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Given that the EE Kestrel is based heavily off the Huawei Ascend G6 it should be no surprise that the Kestrel runs Huawei's Emotion UI.
User interfaces can be very divisive when it comes to Android handsets, and the Emotion UI is no different. This can be attributed to a lack of app drawer that nigh on every Android user will have grown accustomed to.
Having used a variety of UIs on multiple handsets I initially found it very difficult to switch over to Huawei's way of doing things, despite its many similarities to iOS.
The temptation to install a custom UI from the Google Play Store was nagging at the back of my mind and heavy users will find themselves succumbing to such a desire.
However there is a certain amount of sense to the way the Chinese firm has done things. Taking away the app drawer and placing all the icons on home screens removes that extra step needed to locate the app you're after. Organised users can also create folders to make things even easier.
There is a certain level of a "my first smartphone" feel to the Emotion UI, something that is also reflected in the icon styles.
This is somewhat alleviated thanks to the ability to choose from a different theme, although I could only find four on offer with no way of choosing any others.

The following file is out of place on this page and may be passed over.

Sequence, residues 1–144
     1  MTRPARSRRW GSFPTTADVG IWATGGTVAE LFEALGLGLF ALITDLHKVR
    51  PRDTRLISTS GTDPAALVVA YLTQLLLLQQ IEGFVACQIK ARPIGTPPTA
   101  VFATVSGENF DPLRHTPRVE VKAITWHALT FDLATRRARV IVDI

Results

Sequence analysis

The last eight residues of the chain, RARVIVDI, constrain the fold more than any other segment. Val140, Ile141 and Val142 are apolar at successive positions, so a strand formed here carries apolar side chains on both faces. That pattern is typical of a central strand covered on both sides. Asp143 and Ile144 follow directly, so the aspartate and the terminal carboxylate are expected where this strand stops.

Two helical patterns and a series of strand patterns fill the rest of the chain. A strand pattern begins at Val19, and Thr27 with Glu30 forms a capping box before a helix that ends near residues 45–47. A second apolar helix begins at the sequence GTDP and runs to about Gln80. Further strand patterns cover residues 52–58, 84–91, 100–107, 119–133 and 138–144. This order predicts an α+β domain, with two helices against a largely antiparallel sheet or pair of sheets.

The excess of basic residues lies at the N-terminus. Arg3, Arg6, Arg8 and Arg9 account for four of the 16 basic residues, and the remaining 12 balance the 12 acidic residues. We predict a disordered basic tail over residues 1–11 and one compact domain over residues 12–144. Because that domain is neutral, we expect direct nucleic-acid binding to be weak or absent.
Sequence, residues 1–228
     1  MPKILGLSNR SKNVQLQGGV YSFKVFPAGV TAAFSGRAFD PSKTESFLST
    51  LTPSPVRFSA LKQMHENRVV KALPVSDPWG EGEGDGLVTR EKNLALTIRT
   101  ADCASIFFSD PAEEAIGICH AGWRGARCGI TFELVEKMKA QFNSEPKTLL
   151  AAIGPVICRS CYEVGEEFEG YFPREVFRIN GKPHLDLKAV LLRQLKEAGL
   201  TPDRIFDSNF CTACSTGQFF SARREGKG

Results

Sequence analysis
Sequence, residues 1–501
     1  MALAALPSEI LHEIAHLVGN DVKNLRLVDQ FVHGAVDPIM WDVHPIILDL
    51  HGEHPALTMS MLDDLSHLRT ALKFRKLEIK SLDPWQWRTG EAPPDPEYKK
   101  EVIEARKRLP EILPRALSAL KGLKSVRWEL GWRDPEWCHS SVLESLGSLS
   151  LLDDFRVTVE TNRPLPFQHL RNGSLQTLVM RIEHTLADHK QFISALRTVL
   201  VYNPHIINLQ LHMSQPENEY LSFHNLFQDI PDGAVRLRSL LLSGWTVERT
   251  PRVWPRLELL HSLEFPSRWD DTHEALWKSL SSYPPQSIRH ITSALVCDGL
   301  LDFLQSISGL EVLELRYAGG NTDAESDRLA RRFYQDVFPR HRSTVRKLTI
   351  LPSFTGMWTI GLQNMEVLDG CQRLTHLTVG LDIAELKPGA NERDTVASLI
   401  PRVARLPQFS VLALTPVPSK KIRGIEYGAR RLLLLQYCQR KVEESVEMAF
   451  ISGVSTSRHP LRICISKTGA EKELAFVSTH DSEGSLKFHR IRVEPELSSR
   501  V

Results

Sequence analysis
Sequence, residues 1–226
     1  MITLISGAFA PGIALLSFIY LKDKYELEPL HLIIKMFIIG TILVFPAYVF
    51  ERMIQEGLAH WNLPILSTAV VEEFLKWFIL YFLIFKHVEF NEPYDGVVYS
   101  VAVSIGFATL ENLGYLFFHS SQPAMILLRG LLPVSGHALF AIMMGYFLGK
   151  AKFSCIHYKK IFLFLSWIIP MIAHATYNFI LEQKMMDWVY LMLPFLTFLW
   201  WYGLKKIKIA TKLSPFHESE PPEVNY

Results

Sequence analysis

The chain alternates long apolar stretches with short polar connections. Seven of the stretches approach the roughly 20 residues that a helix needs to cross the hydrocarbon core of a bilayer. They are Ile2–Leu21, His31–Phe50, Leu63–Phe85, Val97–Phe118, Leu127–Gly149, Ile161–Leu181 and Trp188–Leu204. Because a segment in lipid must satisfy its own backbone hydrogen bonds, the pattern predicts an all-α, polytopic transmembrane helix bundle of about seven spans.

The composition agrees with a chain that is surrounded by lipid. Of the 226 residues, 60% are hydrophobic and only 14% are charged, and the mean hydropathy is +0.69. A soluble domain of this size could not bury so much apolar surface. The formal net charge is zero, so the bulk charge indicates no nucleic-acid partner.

I was pleased to find that there was a Samsung-esque variety of quick toggles in the notifications bar which let you toggle key features such as Wi-Fi, GPS or mobile data on and off.
It seems like such a little feature but it is something that I have come to rely on as it makes life a lot easier, and can really help stretch out your battery life.
Interestingly, if you decide that you don't like the way that Huawei has laid out its UI, there is another on offer called 'Simple Home'. I found this to be much more pleasing, and will appeal heavily to those that like the Windows Phone live tiles.
Unfortunately these 'tiles' don't offer up widget-style information in the same way as the Windows Phone 8.1, something that I hope Huawei might be able to change in the future. Moving around the Kestrel seemed a lot easier in this mode, with key features a lot easier to locate.
This simpler home screen will appeal even more to those that are unfamiliar with smartphones, as well as being a lot easier for older people that might have problems trying to navigate screens populated with umpteen small icons.
In terms of operation, the EE Kestrel felt rather slow. Despite the four cores and the 1GB RAM I felt disappointed with general movement amongst home screens.
This was replicated whilst trying to load the camera from the lock screen, done by swiping in from the right hand side.
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